The Edward W. Said Memorial Lecture

Marina Warner is a writer of fiction, cultural history, and criticism.  Her study of the Arabian Nights, Stranger Magic (2011) won a National Book Critics Circle Award, the Truman Capote Award for Literary Criticism and a Sheikh Zayed Book Award. In 2015, she received the Holberg Prize in the Arts and Humanities. She is Professor of English and Creative Writing at Birkbeck College, Professorial Research Fellow at the School of Oriental and African Studies, London; Distinguished Fellow of All Souls College, Oxford, and  President of the Royal Society of Literature. Recent books include Once Upon a Time: A short history of fairy tale and Forms of Enchantment: Writings on Art and Artists. She has just finished Inventory of a Life Mislaid: An Unreliable Memoir, about her childhood in Cairo, and is writing a study of the concept of Sanctuary.  She has been working, in Sicily and the UK, with the project, since 2016.

The 2019 Edward W. Said Memorial Lecture will be given by Viet Thanh Nguyen. 

The Guests: Edward Said and Joseph Conrad

Thursday, October 25, 2018

Edward W. Said remained, for over forty years, concerned with Conrad. A fascinating conversation emerges between the two men’s work, one concerned with aesthetics, displacement and empire, and sheds an interesting light on the present moment.

Professor Catherine Hall will deliver the annual Edward W. Said Memorial Lecture. From Hall's first reading of Orientalism, Edward Said’s work has acted as an inspiration and a provocation to understand the other. Her focus has been on English imperial identities in the C18 and C19. She understands the effort to enter imaginatively the states of mind that have underpinned those identities as part of the project of ‘unlearning’ modes of cultural domination. In this lecture, Hall focuses on Edward Long, C18 slave-owner, family man, creole nationalist and historian, whose encyclopaedic History of Jamaica (1774) explicates pro-slavery politics. 

  • Declan Kiberd, Donald and Marilyn Keough Professor of Irish Studies and Professor of English, University of Notre Dame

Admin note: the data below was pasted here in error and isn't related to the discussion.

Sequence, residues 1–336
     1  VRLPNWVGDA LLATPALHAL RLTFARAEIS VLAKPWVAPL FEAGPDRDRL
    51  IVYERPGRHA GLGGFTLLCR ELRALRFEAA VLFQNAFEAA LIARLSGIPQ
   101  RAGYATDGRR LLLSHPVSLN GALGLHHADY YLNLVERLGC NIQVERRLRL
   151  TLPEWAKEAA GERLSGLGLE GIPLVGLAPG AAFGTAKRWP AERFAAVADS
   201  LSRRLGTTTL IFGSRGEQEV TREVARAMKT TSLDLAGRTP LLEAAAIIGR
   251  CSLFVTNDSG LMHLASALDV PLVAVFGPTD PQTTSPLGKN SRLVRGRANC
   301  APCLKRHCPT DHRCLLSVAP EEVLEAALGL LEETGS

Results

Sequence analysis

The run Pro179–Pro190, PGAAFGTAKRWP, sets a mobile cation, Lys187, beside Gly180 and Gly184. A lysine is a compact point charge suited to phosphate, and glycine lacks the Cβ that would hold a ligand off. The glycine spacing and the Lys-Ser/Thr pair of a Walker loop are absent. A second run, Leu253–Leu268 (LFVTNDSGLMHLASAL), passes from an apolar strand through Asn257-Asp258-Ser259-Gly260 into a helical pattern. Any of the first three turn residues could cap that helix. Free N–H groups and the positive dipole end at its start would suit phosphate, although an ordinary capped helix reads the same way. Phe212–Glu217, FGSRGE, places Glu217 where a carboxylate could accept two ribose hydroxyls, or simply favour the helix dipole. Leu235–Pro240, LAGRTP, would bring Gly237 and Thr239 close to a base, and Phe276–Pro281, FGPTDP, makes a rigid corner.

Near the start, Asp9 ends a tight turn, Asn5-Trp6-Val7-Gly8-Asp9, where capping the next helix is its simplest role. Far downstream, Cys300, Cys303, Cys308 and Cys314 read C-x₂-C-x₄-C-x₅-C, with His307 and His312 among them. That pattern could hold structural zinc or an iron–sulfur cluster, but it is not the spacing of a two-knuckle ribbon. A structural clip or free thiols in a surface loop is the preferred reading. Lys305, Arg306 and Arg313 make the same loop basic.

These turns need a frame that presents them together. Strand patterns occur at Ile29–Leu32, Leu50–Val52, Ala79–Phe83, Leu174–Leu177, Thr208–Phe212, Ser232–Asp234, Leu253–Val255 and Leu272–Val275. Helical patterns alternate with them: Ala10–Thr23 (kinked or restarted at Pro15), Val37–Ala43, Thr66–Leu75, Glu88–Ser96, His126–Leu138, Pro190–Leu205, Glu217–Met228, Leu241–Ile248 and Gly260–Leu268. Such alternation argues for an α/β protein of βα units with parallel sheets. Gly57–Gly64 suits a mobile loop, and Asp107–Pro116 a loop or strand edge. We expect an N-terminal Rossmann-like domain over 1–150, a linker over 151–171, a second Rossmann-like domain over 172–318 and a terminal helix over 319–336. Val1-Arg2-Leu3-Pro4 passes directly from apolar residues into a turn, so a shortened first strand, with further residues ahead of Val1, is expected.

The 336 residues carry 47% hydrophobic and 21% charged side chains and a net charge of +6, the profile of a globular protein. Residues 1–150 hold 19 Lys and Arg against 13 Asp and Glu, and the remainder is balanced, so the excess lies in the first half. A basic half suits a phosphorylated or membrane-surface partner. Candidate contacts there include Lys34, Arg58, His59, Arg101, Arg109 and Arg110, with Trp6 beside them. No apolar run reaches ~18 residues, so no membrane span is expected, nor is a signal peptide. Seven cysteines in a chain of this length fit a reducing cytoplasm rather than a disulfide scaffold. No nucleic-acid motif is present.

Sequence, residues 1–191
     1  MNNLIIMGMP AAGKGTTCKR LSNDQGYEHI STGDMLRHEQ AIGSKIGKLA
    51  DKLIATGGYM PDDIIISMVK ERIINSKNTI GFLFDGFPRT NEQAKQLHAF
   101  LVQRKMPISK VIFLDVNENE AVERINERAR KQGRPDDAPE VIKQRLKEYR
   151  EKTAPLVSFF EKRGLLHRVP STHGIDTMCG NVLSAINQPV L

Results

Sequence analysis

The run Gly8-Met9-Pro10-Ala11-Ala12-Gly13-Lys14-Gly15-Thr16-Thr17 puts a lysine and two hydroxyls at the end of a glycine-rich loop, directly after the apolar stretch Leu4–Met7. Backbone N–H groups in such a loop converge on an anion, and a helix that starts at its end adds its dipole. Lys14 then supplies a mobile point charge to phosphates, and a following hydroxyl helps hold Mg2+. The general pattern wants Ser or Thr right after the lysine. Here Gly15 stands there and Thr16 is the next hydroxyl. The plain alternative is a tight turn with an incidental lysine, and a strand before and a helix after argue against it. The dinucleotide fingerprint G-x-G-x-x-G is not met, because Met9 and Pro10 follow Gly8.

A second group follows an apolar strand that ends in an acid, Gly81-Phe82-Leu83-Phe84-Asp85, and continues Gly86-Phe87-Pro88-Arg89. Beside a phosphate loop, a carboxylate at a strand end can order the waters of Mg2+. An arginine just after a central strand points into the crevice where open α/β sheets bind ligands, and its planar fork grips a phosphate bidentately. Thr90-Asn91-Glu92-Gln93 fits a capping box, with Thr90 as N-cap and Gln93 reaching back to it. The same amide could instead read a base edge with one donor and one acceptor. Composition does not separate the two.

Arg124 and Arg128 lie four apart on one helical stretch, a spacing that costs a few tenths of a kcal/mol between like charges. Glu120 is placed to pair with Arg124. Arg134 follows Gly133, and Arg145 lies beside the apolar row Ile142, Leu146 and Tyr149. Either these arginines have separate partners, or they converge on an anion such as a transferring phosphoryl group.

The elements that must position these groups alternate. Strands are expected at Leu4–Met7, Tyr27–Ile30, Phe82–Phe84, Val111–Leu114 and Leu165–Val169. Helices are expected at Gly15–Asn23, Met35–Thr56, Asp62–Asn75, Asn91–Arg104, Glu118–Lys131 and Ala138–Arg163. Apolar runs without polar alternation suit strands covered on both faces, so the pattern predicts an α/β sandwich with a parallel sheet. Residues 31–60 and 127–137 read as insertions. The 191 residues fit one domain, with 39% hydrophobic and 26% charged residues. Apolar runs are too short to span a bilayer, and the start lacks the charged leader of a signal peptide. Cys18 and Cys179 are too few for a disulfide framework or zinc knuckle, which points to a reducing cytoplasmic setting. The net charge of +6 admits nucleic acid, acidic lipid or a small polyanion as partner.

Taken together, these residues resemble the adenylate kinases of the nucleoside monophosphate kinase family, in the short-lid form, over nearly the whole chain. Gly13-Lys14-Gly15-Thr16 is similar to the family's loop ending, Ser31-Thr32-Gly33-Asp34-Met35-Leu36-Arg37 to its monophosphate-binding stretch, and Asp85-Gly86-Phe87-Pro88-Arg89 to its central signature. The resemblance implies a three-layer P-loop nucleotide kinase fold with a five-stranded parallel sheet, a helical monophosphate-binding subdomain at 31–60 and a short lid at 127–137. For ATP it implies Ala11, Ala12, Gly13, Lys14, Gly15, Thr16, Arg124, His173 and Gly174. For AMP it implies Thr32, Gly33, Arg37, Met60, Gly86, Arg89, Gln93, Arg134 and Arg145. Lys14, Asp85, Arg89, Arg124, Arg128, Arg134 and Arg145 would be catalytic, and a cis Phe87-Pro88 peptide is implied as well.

Declan Kiberd, renowned scholar of Irish Literature, will deliver the annual Edward W. Said Memorial Lecture.

The Palestinian Future After Gaza

Monday, October 20, 2014
  • Richard Falk, Albert G. Milbank Professor of International Law and Practice Emeritus, Princeton University

Professor Richard Falk will deliver the annual Edward W. Said Memorial Lecture. His talk will focus on the present reality and future direction of the Palestinian struggle, taking account of the continuing relevance of Edward Said's views of the grounds of a sustainable peace and proceeding from his prophetic premise that the two-state approach should no longer becloud our judgment. This event is at capacity and we are no longer accepting registration. Doors will open at 5:15 p.m. and registered guests will be seated on a first-come, first-served basis. At 6:15 pm, any available seats will be filled by Columbia faculty, staff, or students in the waiting line who have a valid Columbia University photo ID. This event will be live-streamed on the Italian Academy webpage.

Raja Shehadeh’s lecture on the 10th anniversary of Edward Said’s death will reflect on the cages of categorization that imprison Palestinians in contemporary Palestine perhaps more than even the physical matrix of borders, checkpoints, and the Wall.

The Annual Edward Said Memorial Lecture will feature W.J.T. Mitchell on "Seeing Madness: Insanity, Media, and Visual Culture."

The Edward W. Said Memorial Lecture

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